Is Bugs Bunny a good dietetic planner?

She sits there watching TV after finishing her homework. The squeals and shouts of some show on Nick flashing across the screen, her eyes glazed over. Silence and then it starts again as a commercial for a sugary sweet breakfast food with a loud tiger yelling at us, “How GREAT!” his cereal is. Next is a cute baby giggling about something. Finally a fast-food chain comes up with a healthy alternative to their high sodium, fatty and sugary kid’s meal. Then back to loud frenetic hijinks of the show.

So what are we talking about here: TV causing short attention spans, or marketing and advertising poor quality foods to our kids? Both are relevant to parents. The government, led by our First Mamma Obama (hmm kinda like that) is trying to set up guide-lines for the packaging and marketing of food for our kids. Some say our government is trying to intrude its’ way into our kitchens and on our dining tables. They are concerned this is a gateway into controlling what we eat. Rep Fred Upton, republican from Michigan, said, "This appears to be a first step toward Uncle Sam planning our family meals." They forget however, that these recommendations are VOLUNTARY guide lines. Maybe a totally authoritarian government would try to do control our meal time--thus showing where his mind may be.

The commission, a Congressional panel consisting marketing experts from the CDC and FDA, US Department of Agriculture and the Federal Trade Commission personnel, made some fairly easy labeling standard recommendations for advertising to children. Among other things, the commission wanted to tone down on the use of iconic cartoon figures to attract youthful consumers. Of course this is assumes that parents let their children force them into buying what the kids want, and we all know that never happens. Right?

I propose something a little different (I am not the first, but it was hard to easily find available information supporting my idea). Instead of telling marketers they cannot use Tony the Tiger, or Toucan Sam or even Capt’n Crunch, let’s try using the fantastic strength of marketing and cartoon figures to educate and market to kids and parents healthy and sustainable eating habits? Some of the reluctance of major food producers to suspend the use of their animated idols is recognizability. We grew up watching and learning our eating habits from these icons. They might have done a better job---there seems like an epidemic of obesity and type II diabetes over taking our bodies. 

Yet we have an opportunity that should not be wasted. There seems to be a favorable environment for change, or maybe refinement is a better word. Instead of using all the market research and techniques gathered during the past years to sell not-so-healthy foods, why not use it to sell products that will feed us in a more nutritious and sustainable way? We have seen that advertising works and that using kid identifiable cartoons influence the desires of kids, thus forming habits used later in life. This way of advertising has worked to sell food items that are unhealthy, why not use the same method to influence our buying energy toward healthy foods? A governmental agency called Interagency Working Group asks the same question (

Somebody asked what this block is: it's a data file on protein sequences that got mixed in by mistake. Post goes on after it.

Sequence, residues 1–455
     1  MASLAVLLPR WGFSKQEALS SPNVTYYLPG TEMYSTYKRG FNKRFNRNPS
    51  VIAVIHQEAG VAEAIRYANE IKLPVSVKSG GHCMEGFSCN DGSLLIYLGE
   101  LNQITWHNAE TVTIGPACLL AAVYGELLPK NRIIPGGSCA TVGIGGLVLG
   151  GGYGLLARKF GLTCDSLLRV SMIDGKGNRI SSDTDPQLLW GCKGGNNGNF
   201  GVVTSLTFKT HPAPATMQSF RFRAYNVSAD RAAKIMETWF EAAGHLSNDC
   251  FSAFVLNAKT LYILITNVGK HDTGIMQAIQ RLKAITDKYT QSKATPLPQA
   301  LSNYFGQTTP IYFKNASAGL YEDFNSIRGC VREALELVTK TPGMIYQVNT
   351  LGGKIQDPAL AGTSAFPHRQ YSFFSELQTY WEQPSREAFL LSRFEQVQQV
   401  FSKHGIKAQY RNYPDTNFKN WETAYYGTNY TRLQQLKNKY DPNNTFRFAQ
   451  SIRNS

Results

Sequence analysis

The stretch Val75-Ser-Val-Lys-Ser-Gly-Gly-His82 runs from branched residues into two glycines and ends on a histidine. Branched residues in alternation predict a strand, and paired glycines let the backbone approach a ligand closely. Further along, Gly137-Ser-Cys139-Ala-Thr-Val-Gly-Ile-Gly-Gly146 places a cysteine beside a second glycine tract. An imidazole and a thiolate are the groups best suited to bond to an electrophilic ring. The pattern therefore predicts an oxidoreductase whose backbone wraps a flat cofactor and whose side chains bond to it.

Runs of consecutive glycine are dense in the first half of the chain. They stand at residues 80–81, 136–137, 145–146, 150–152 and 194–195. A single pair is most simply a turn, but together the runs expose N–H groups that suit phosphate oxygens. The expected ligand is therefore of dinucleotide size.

Further, Herb Weisbaum, ( ) from MCNBC, asked, “Why is the food industry so afraid of a little advise?” I wonder if there may be a profit motive involved. Is it easier(read less expensive) to make foods with salt, sugar and high fat content?

This is the way I see it. Over the past 50 years, maybe longer, marketers and advertisers have developed data and strategies for marketing to kids crappy food. Now we can use the same force of data and information to start educating younger consumers and their parents healthy foods. Find cartoon icons that exhibit positive models of eating. Use the same screeching and excitement to get kids enthusiastic about apples. Make it look like a treat to have a pomegranate. Sour cream with that baked white potato, how about a pink cuddly character talking about the tastiness of a sweat potato with cheese on it, or a squirrel with its nose twitching having fun chasing green peas around plate and popping them into its mouth? 

I suggest we influence marketers and food purveyors to sell healthy foods with the same methods they used to sell sugary and unhealthy food. Instead of saying they cannot sell “bad” food to kids, encourage them to market more wholesome food. When we show a positive way of doing something, instead of saying, “NO!”, we make it easier, I hope, to change the paradigm and maybe influence the next generation to eat healthier foods.

What do you think? Am I making a sound point here? Let’s talk about it!

On another matter, I did some research on this post, but had difficulty finding information that supported my idea; positive advertising could be used in conjunction with the strategies used with a healthier diet. I used search terms like, “Food marketing for kids,” “packaging for kids” and other variants. All that come up were articles decrying the negatives involved with sugary foods. I was looking for information that supported my idea of using methods for pushing healthier food. Until I found this one article from, I came up with nothing. Any one out there have any tips for internet searches that can help pinpoint specific data? Let me know!!!


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